5 Movies You Need to Watch in Virtual Reality

Virtual reality has been hyped for years. But before VR takes off with the typical consumer, the medium will need to prove that there’s a reason it exists. It needs a great game or film to force everyone to adapt to it. People will check out a free trail of HBO Go just so they can binge Game of Thrones, and then find themselves still subscribing years later. VR needs its Game of Thrones.

While nothing that huge might exist yet, a number of impressive VR films have already popped up. Here’s the essential — and still incredibly short — list of the best VR films that you definitely should take a look at once you’ve got that brand-new headset strapped on.


I’d watch a 45-minute Funny or Die film even if it wasn’t available in VR and if it didn’t feature the indomitable Jeff Goldbum. Miyubi, made for Oculus Rift and Gear VR, has all three qualities. The quirky story follows a Japanese robot toy from the 1980s, as you can see from the trailer above. It debuted at the 2017 Sundance Film Festival and the Cannes International Film Festival.

It’s available for free on the Oculus site, which touts it as the “world’s first long-form scripted VR comedy,” and you’ll need the Rift or the Gear VR to watch it.

The Pull

The Pull is a stereoscopic animated VR film available for free on YouTube. At just three and a half minutes, it’s the shortest one on this list, but it’s a great example of the creativity that a VR film can spark: It features a series of zero-gravity experiments, taking advantage of the 3D environment to insert the viewer into the action. It even comes with binaural audio — a tricky accomplishment that I’ve written in depth about here.

More viewing options are available at the official site.

The Protectors: Walk in the Ranger’s Shoes

National Geographic’s first VR documentary debuted in April at Tribeca Immersive’s Virtual Arcade. It’s co-created by director Imraan Ismail from the VR studio Here be Dragons and by director Kathryn Bigelow, of Zero Dark Thirty and Point Break fame.

Most documentaries are designed to be immersive. Since this one’s in 3D, it takes a particularly immersive look at Garamba National Park, one of Africa’s oldest National Parks. It’s on YouTube, but you can learn more about how best to view it here.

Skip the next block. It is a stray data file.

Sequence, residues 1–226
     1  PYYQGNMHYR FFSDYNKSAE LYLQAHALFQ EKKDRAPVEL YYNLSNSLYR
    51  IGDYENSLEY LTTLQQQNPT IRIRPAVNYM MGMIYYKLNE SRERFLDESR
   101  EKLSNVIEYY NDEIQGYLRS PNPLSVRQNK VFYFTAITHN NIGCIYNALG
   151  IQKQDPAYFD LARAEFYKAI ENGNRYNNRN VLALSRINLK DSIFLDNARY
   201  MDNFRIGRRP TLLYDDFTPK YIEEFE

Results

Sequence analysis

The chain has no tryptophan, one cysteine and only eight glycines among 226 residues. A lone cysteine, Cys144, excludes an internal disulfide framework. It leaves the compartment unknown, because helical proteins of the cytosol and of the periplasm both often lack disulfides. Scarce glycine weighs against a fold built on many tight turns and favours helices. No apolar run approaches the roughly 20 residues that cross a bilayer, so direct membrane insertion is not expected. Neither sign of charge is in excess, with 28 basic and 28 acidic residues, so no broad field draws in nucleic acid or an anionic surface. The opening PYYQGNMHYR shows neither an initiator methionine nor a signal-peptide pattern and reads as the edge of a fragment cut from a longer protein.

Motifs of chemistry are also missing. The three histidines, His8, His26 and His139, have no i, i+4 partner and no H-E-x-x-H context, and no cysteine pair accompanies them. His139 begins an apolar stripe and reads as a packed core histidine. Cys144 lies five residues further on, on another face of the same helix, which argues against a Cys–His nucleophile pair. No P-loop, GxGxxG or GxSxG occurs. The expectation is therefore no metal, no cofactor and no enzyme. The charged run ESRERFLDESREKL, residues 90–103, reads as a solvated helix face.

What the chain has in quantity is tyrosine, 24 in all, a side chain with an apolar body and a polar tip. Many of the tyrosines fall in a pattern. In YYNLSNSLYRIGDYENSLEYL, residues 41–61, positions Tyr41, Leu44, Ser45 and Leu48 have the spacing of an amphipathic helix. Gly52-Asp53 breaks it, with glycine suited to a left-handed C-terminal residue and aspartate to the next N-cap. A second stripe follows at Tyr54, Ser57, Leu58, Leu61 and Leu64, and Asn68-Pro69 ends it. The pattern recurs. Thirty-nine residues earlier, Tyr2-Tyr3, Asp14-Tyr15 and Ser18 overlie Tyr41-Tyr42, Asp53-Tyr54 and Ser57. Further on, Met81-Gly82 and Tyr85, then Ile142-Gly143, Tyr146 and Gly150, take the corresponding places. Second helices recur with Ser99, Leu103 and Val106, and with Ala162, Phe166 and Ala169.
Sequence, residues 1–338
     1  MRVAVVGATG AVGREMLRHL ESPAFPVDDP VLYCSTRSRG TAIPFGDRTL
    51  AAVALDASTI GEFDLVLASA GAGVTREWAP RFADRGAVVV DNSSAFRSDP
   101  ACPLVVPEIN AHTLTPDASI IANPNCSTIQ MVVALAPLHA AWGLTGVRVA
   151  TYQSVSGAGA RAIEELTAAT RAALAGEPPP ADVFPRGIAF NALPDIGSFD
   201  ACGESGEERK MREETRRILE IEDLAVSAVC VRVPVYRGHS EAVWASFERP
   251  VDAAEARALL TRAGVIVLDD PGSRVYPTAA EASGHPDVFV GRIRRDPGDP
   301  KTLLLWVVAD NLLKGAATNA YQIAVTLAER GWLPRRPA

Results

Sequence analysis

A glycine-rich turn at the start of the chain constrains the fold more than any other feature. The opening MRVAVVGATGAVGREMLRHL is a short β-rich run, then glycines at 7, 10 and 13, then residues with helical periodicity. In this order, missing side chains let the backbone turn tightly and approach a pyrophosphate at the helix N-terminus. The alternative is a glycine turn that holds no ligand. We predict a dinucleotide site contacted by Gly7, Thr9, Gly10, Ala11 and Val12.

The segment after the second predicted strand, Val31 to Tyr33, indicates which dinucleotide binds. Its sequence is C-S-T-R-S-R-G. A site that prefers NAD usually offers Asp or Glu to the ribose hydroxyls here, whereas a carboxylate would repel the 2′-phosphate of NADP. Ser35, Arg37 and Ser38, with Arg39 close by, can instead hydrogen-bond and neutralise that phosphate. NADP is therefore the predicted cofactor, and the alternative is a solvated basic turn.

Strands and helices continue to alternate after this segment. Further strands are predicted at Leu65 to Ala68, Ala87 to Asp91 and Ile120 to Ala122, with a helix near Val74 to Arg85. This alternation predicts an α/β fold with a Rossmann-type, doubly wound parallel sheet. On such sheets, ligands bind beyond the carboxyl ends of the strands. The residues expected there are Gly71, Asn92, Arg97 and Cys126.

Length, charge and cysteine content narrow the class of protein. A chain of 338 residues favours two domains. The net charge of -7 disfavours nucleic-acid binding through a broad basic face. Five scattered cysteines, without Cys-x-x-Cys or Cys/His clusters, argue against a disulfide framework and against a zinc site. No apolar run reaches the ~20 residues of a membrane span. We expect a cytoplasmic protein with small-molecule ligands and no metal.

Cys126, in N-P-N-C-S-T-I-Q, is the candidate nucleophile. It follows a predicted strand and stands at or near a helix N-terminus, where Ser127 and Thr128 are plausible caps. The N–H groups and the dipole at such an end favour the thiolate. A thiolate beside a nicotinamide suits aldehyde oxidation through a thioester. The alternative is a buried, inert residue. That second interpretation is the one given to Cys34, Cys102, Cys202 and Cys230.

This 18-minute VR flick tells a futuristic narrative, which meshes well with the cutting edge VR tech it relies on, and debuted at the Tribeca Film Festival.

Here’s how the festival describes the sci-fi film: “Alexandro volunteers for an experiment carried out to study dreams in this poetic trip into the future. He can’t imagine that he will be subjected to the intrusion of Elsa, a form of Artificial Intelligence who aims to digitize his subconscious in order to feed off of it. She’s a vampire…bit by megabit.”

You can find more information here, but the film doesn’t appear to yet be available.

Treehugger: Wawona

Treehugger: Wawona‘s ethereal exploration of giant sequoias comes from a London-based design studio called Marshmallow Laser Feast. Despite growing hundreds of feet tall and qualifying as the largest living organisms on Earth, giant sequoias are endangered. While this VR experience was built using plenty of data about the trees’ history and biology, it takes an emotion-driven approach to displaying it, treating the viewer as if he or she is a part of the soundscape itself, and capable of peering through earth and wood to witness the trees from all possible angles.

Hey, maybe it even beats Game of Thrones.

Read more about the future of VR film here at TechCo

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Adam is a writer at Tech.co and has worked as a tech writer, blogger and copy editor for more than a decade. He was a Forbes Contributor on the publishing industry, for which he was named a Digital Book World 2018 award finalist. His work has appeared in publications including Popular Mechanics and IDG Connect, and his art history book on 1970s sci-fi, 'Worlds Beyond Time,' is out from Abrams Books in July 2023. In the meantime, he's hunting down the latest news on VPNs, POS systems, and the future of tech.
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